Politics Judge Sullivan says he is not required to ‘rubber stamp’ DOJ’s bid to dismiss Flynn case

23:35  01 june  2020
23:35  01 june  2020 Source:   washingtonpost.com

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Judge Emmet G. Sullivan should not be required to act as a “mere rubber stamp” for the government’s unusual move to undo the guilty plea of President Trump’s former national security adviser Michael Flynn, the judge’s lawyers told a federal appeals court in Washington on Monday.

Sullivan’s attorneys asked the appeals court to stay on the sidelines to give the judge an opportunity to ensure the “integrity of the judicial process” and to rule on the Justice Department’s request to dismiss Flynn’s case.

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The judge must evaluate Flynn’s dramatically different claims, Sullivan’s lawyer Beth Wilkinson told the court: “What, if anything, should Judge Sullivan do about Mr. Flynn’s sworn statements to the court, where he repeatedly admitted to the crime and to the voluntariness of his guilty plea, only to now claim that he never lied to the government and was pressured and misled into pleading guilty?”

The filing from Sullivan, defending his investigation into the Justice Department’s reversal, is the latest development in the extraordinary case. It comes after Flynn’s lawyers asked the U.S. Court of Appeals for the D.C. Circuit to immediately order Sullivan to get rid of the matter and accused him of bias.

The Justice Department is expected to file later on Monday.

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Sullivan refused to go along in early May when the government moved to abandon its long-running prosecution of Flynn, who admitted lying to the FBI in 2017 about his conversations with Russia’s ambassador to the United States before Trump took office. The department’s change of heart came after Attorney General William P. Barr determined that the FBI had no valid basis to question Flynn, so any lies he told were irrelevant to former special counsel Robert S. Mueller III’s investigation into Russian interference in the 2016 election.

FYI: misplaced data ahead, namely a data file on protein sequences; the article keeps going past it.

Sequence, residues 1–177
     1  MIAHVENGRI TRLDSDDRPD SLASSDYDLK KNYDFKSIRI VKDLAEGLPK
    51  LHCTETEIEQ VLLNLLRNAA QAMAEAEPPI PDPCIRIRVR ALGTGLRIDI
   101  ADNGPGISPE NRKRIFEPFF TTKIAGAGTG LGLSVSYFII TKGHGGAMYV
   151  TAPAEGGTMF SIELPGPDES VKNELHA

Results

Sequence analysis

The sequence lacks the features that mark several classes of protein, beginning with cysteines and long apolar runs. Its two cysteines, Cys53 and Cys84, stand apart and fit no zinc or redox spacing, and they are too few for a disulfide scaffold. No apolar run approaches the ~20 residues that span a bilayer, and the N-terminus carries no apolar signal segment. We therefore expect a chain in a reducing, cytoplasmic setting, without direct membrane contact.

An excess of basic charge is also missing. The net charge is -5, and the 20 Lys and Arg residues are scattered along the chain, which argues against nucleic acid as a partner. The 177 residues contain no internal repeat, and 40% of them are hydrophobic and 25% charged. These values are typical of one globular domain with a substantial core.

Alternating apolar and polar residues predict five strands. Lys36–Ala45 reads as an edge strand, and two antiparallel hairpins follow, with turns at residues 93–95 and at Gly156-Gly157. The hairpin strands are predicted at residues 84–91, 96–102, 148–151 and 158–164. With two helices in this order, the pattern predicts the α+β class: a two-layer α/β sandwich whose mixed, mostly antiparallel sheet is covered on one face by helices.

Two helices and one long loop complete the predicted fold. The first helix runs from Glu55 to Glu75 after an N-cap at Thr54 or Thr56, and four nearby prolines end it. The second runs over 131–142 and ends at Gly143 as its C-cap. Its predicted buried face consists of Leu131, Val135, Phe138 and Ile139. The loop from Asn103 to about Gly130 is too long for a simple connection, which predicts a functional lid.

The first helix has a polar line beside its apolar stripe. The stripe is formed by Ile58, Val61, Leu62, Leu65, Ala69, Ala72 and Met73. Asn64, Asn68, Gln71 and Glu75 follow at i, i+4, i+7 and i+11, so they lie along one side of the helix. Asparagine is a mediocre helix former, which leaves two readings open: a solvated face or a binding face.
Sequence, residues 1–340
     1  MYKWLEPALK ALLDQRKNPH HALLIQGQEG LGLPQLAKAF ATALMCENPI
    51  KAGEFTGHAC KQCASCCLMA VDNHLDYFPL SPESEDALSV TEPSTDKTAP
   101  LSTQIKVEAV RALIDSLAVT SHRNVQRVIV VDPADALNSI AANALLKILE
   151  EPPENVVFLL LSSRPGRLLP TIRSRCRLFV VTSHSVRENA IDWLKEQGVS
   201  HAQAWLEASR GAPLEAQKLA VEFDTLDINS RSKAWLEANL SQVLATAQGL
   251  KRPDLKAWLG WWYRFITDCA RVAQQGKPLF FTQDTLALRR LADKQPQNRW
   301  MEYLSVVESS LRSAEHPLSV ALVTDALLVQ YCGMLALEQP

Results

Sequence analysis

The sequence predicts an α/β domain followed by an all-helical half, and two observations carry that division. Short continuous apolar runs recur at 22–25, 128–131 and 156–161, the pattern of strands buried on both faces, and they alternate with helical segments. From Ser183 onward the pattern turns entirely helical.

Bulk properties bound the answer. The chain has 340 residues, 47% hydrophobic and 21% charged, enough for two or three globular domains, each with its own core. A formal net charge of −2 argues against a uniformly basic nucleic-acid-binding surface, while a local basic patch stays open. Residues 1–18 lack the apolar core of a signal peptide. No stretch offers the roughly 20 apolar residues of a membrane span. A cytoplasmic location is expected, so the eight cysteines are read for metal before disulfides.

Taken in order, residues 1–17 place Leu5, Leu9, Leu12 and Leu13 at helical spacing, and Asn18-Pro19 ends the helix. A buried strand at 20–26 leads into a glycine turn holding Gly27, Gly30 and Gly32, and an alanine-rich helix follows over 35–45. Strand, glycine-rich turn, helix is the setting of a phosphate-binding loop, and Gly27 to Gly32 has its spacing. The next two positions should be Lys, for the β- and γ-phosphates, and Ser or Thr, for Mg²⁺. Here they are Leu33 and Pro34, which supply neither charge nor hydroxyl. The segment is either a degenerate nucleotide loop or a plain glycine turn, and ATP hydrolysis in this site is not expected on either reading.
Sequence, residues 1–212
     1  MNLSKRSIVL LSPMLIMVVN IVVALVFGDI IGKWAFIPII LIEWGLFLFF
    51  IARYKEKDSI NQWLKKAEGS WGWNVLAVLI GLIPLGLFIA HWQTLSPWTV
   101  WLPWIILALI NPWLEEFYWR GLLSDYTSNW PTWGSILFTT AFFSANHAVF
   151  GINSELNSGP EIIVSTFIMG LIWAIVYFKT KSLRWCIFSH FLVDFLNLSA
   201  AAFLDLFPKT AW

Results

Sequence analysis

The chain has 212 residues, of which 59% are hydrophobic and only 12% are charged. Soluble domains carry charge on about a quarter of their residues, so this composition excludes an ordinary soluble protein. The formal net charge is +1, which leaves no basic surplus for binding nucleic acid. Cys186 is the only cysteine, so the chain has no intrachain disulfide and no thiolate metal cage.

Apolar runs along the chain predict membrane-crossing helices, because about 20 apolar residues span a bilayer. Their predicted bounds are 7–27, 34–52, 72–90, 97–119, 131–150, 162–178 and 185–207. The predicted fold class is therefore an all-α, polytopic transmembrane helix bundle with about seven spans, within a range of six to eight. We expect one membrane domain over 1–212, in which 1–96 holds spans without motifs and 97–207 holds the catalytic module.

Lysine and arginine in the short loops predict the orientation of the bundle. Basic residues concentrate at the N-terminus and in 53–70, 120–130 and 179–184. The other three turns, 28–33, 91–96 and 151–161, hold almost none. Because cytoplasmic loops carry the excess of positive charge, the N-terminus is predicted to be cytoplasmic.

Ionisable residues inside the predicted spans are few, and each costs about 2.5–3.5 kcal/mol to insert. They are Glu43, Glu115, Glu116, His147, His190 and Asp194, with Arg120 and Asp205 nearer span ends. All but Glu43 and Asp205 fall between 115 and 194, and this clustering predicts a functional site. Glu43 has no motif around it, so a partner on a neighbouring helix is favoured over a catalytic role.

The decision to undo a guilty plea prompted criticism and alarm, including from former DOJ officials and law enforcement leaders, concerned that the department was bending to political pressure from the Trump administration.

The appeals court agreed to review Sullivan’s actions and gave the judge 10 days to respond to Flynn’s request.

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With the government and Flynn now on the same side, Sullivan defended the decision to appoint retired federal judge John Gleeson to argue against the department’s position. Gleeson is also charged with examining whether Flynn should face a criminal contempt hearing for perjury after pleading guilty to a crime that he and the Justice Department now say did not happen.

“Someone needs to fill the adversarial gap to ensure full consideration of the issues, and a former prosecutor and federal judge is well positioned to do so,” Sullivan’s lawyers told the court. “In any event, Judge Sullivan’s record shows that he will not blindly accept Judge Gleeson’s recommendations.”

For more than two years, the government took the position that Flynn’s false statements to the FBI were material and relevant. As recently as January, prosecutors recommended the judge sentence Flynn to up to six months in prison. Sullivan’s filing notes that the move to dismiss the case was not signed by any front-line prosecutors who had previously worked on the case.

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“It is unprecedented for an Acting U.S. Attorney to contradict the solemn representations that career prosecutors made time and again, and undermine the district court’s legal and factual findings, in moving on his own to dismiss the charge years after two different federal judges accepted the defendant’s plea,” Sullivan’s lawyers wrote.

There is disagreement among legal scholars and former judges over how Sullivan should handle the case at this juncture.

Prosecutors have broad authority to make charging decisions, but federal rules require prosecutors to get permission from the presiding judge to formally dismiss criminal charges. In this case, Flynn pleaded guilty under oath before two different judges, and he told Sullivan at a 2018 hearing that no one had coerced him to admit his guilty and that he had no intention of taking back his plea.

Emmet G. Sullivan wearing a suit and tie sitting at a table: Judge Emmet G. Sullivan in his courthouse office in 2009. © Dominic Bracco II for The Washington Post Judge Emmet G. Sullivan in his courthouse office in 2009.

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